Client for Microsoft Networks

Client for NetWare Networks (or Client Service for NetWare) These two client-software collections appear in Figure 2-1. which shows the General tab of a Local Area Connection object in Windows Server 2003. These two different sets of client software provide access to two different sets of network resources. Figure 2-1 The General tab of a Local Area Connection object from a Windows Server 2003 system. Figure 2-1 The General tab of a Local Area Connection object from a Windows Server 2003...

Every Network Map Tells a Story

Earlier in this chapter, we introduce you to most of the basic principles involved in designing and building a network. By now, you have a pretty good idea about how networks work. As you spend more time around networks, however, you may realize that what they do isn't nearly as important as what you know about what they do. Whether you wrestle with networks only occasionally or full-time, you may discover that there's nothing like a network map to help you find and keep track of things on your...

Info

Published Certificates Member Of Dial-in Object Security Envioriment Sessions Remote control Terminal Services Profile COM* General Address Account Profile Telephones Organization First name ast name Display name description Off e Computet name (pie-Windows 2000) FRIEDBANANASAND The foHowtng user or group can ion this computet to a domain. User of group f Allow pre-Windows 2000 computers to use iNs account r Allow pre-Windows 2000 backup domain controllers to use this account Advanced Security...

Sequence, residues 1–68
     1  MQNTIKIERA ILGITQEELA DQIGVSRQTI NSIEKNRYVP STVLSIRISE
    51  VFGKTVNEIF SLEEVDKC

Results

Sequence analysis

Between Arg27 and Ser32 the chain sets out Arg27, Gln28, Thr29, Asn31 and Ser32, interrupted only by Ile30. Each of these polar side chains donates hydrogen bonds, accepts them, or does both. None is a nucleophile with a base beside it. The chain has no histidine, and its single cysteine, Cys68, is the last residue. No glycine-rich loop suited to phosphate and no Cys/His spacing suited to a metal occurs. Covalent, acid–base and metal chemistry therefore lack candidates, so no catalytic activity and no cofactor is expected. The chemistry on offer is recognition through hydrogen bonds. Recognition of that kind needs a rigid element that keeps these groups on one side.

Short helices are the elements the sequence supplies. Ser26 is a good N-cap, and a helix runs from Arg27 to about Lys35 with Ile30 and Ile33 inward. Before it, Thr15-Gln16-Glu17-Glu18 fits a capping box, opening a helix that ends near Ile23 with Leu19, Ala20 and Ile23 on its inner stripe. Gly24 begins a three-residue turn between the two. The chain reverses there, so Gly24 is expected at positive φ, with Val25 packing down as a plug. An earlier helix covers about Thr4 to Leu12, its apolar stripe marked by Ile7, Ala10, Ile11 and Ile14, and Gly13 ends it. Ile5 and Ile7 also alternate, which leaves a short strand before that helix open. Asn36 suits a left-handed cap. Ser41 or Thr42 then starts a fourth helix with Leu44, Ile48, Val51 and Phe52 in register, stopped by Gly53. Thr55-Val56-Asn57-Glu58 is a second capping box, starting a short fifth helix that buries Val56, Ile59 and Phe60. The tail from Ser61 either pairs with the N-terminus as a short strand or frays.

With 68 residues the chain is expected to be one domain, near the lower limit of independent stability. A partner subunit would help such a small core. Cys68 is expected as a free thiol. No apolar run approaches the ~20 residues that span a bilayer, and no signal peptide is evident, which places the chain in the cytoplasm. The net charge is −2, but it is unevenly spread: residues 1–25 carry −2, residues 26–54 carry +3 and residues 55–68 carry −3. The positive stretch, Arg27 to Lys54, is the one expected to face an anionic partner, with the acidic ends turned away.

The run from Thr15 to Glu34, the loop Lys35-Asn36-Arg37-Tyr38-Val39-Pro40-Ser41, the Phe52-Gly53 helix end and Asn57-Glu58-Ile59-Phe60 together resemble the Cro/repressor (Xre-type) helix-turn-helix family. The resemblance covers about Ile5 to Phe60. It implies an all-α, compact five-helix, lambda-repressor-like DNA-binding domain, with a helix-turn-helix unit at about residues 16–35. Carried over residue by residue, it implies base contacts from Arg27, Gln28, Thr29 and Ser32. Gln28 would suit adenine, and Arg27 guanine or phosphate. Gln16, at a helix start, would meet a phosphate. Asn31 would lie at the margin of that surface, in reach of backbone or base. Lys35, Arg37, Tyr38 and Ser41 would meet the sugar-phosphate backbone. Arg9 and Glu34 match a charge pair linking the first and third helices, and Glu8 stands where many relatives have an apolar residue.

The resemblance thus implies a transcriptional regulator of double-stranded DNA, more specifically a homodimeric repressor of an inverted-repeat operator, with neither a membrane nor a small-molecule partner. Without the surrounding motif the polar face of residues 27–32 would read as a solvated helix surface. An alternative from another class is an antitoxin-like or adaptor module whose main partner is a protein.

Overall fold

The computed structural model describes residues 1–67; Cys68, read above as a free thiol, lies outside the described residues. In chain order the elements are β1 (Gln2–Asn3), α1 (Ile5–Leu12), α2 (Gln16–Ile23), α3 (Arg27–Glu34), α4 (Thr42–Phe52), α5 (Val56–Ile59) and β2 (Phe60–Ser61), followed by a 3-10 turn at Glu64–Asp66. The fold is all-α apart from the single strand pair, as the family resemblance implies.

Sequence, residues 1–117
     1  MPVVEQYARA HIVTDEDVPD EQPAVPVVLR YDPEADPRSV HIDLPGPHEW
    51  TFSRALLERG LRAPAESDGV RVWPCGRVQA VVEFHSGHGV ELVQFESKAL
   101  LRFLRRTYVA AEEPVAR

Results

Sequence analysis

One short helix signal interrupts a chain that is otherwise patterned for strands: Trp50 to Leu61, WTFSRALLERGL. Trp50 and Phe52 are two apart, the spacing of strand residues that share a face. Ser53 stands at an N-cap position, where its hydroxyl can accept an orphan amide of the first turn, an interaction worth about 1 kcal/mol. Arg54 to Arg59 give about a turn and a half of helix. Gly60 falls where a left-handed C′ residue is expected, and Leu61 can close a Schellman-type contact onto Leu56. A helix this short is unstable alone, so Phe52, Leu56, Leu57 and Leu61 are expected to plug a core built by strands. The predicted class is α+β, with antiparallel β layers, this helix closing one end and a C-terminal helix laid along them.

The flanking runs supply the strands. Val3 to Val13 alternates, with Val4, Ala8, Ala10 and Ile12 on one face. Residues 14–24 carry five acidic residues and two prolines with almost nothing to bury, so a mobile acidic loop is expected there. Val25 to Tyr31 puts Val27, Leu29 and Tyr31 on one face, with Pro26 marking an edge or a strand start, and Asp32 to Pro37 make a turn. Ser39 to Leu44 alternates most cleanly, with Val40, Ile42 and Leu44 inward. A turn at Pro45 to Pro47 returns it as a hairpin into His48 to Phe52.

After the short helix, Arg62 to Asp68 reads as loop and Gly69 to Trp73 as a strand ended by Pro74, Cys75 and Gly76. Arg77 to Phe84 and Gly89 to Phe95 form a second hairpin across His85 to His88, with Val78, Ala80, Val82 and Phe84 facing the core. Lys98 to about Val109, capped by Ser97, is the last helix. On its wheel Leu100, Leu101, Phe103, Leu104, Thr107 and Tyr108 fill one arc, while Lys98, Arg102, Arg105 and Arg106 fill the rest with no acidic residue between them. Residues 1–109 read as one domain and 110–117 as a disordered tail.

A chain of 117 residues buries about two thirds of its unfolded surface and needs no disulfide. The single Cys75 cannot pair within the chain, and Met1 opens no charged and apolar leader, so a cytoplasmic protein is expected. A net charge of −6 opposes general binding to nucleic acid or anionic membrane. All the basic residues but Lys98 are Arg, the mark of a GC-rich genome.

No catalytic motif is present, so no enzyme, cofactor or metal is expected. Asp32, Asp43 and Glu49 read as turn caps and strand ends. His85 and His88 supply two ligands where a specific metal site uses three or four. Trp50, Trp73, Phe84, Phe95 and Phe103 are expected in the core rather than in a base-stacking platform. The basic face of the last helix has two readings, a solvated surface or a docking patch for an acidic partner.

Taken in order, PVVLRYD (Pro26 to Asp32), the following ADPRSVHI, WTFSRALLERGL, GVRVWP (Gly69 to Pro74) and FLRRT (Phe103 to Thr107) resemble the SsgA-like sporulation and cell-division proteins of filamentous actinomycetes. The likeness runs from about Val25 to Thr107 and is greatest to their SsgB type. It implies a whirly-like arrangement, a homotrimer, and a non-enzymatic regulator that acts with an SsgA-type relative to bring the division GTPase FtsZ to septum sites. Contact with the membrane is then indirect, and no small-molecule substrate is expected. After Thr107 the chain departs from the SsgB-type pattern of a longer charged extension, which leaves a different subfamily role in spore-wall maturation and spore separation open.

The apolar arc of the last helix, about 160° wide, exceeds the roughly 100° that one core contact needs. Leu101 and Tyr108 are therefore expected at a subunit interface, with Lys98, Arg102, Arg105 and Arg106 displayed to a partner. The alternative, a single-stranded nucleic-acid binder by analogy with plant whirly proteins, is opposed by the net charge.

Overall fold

Make a Network Medium Happy

A happy network medium has nothing whatsoever to do with a TV psychic. Rather, finding the right network medium means implementing network cabling that won't cause bottlenecks. Depending on whether you're building a network from the ground up or starting from scratch, you may need to take a different approach to evaluating cabling options for your network If you step into a job where a local area network (LAN) is already in place, cabling is probably in place, too. Evaluating the type,...

To network ID or host ID that is the question

An IP address consists of two components a network ID and a host ID. The network ID identifies the network segment to which the host belongs. The host ID identifies an individual host on some specific network segment. A host can communicate directly only with other hosts on the same network segment. A network segment is a logical division of a network into unique numeric network IDs called subnets. A host must use a router to communicate with hosts on other subnets. A router moves packets from...